RPE[i].RPE_input_delta++;
                    }
                    break;
                case 3:
                    if (p_masked == RPE_input_mask [i][3]) {
                        RPE[i].index =0;
                    }
                    break;
                case 4:
                    if (p_masked == RPE_input_mask [i][2]) {
                        RPE[i].index = 5;
                    }
                    break;
                case 5:
                    if (p_masked == RPE_input_mask [i][0]) {
                        RPE[i].index = 6;
                        RPE[i].RPE_input_delta--;
                    }
                    break;
                case 6:
                    if (p_masked == RPE_input_mask [i][3]) {
                        RPE[i].index = 0;
                    }
            }
        }
    }
}

As for debouncing, this code does it automatically because of the way it works, that said, when I was developing it I noticed that checking with an oscilloscope showed little or no bounce on the output of the encoders I have.

Using mechanical switches for a rotary encoder is calling for trouble. Are you paid for the time you spend with experiments?

Thanks Perry, but it doesn’t look like your encoders are the type I’m working with. Mine are just the cheap mechanical incremental quadrature encoders. I’m afraid I don’t know what a rotary position encoder is.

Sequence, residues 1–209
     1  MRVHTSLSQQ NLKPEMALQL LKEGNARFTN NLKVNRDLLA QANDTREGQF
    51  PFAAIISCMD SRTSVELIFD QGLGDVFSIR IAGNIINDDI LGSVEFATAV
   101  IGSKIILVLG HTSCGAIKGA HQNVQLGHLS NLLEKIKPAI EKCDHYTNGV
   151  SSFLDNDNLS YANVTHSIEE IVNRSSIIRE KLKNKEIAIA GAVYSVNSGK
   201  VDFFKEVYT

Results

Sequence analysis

I might have used the wrong terminology when I wrote that, they are quadrature encoders, I mean 2 outputs with a square wave 90 degrees out of phase from each other.

DrDiettrich:
Using mechanical switches for a rotary encoder is calling for trouble. Are you paid for the time you spend with experiments?

The mechanical switches just let me single-step through all the transitions to make sure my code produces the right results, particularly for a change in direction.

As for payment, I'm not sure what point you're making, but no, of course I don't get paid for anything here. Does anyone?

Your idea of using toggles to test the software is not a good one. It is not possible to achieve the kind of speeds that you would get from rotating a knob. Testing should be able to explore worst case behaviour.

Why do you think that e.g. light barriers do not perform as well as mechanical switches?